Lets get your deduction from no facts out of the way, you dont actually know if there's an increasing number of people falling for scams, so your premise could actually be false. However, ignoring that part. It depends. This is the same question as why do people fall for scams at all. It is in human nature to want things for free. Scam sites often have deals that are 'too good to pass up', or in other words, literally 'too good to be true'. People are greedy. I mean there are places that just sell stuff and are fake, you buy the item and the site disappears. That isnt the person's fault. But I am very rarely going to feel bad for someone who has invested into a scam. If you look hard enough into it, the person has been told that they're going to earn lots of money in no time at all, and no risk. Seriously? on what planet has that ever been true? Answer to your question, people are greedy.
Scams are developing and changing. They're getting better at it the more they do it. Some sites tell you you'll get one thing, and you get something entirely different. You mention the young people specifically, the students? To be perfectly honest, our generations like to watch inappropriate things. And a lot of scams are originating on..."helping hand" sites. Listening to the radio a few mornings ago (I don't have choice of stations in the mornings, dangit), there was a story of a guy whose credit card bill just exploded with items that he never ordered, because he did once order a certain kind. The site was bugged: if you buy a single thing, it buys a lot more for you, and you never get any of it anyway.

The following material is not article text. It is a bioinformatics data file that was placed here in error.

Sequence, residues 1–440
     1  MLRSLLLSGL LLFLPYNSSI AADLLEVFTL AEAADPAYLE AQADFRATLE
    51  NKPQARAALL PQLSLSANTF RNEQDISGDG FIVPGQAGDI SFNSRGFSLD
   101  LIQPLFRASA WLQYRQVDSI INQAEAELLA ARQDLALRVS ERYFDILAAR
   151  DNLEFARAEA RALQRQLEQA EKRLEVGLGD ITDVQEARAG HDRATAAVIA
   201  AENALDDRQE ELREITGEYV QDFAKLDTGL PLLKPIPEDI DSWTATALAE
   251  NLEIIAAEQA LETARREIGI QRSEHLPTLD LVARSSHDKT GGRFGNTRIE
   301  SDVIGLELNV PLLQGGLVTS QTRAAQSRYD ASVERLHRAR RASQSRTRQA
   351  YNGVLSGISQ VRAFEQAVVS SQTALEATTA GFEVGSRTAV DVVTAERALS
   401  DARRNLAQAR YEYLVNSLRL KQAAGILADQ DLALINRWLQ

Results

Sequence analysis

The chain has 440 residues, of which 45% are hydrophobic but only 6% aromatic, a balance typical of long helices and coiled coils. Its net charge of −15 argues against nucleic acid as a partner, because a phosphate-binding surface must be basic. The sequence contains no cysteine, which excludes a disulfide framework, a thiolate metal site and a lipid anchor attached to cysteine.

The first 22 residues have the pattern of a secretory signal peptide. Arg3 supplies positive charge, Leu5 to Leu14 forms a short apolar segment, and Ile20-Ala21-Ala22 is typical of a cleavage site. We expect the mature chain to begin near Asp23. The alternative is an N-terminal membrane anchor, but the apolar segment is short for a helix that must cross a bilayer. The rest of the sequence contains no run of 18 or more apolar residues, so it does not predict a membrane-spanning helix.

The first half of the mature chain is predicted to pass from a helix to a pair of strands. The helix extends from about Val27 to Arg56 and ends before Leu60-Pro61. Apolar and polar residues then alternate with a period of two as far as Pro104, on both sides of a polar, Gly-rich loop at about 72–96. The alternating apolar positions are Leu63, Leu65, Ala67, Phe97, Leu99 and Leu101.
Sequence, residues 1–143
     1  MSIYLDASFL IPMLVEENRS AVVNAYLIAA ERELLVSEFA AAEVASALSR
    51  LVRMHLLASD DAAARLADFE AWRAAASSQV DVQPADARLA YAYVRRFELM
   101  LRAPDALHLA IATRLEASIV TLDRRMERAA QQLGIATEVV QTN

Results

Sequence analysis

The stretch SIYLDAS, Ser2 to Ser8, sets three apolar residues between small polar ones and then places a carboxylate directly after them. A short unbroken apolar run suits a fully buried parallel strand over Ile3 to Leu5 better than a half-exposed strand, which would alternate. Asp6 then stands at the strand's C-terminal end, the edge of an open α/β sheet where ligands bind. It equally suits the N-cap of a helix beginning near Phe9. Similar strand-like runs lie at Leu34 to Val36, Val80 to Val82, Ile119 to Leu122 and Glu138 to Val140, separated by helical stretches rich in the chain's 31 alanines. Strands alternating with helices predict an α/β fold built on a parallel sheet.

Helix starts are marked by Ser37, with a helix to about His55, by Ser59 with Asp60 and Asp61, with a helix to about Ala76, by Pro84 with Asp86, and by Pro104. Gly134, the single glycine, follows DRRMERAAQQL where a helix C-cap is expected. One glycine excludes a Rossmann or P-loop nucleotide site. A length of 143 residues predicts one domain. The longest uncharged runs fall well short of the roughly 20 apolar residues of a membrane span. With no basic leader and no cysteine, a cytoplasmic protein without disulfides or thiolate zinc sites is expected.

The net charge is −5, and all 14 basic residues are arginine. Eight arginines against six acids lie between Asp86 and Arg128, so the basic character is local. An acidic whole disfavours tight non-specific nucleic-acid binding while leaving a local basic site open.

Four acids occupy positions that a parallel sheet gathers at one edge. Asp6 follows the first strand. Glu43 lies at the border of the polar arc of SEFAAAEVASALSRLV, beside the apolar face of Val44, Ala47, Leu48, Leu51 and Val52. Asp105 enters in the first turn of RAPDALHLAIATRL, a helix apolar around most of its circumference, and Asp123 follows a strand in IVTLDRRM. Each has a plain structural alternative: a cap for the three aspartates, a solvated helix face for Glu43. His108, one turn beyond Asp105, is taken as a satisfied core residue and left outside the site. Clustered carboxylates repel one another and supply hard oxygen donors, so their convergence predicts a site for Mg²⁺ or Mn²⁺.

Sites that look completely legitimate, aren't, and kids fall for that. Adults do too.
If someone has fallen victim to a scam website, chances are they didn't actually know the specific site was dangerous. Sure, everyone is warned to beware scammers but that doesn't do much in the way of identifying individual sites. It may be especially hard for someone to say no to someone if the person running the scam says something that resonates personally with the victim; I know of at least one instance that was reported in the news where a scammer was able to make their victim believe they were in love and she ended up forking over her entire savings account.
Short answer: naivety.
Yes, you are right and without knowing anything they might have been scammed again right? but still i came across some people who even after knowing some sties are scam , joined the same site spending so much time there and finally get disappointed to have wasted their valuable time and money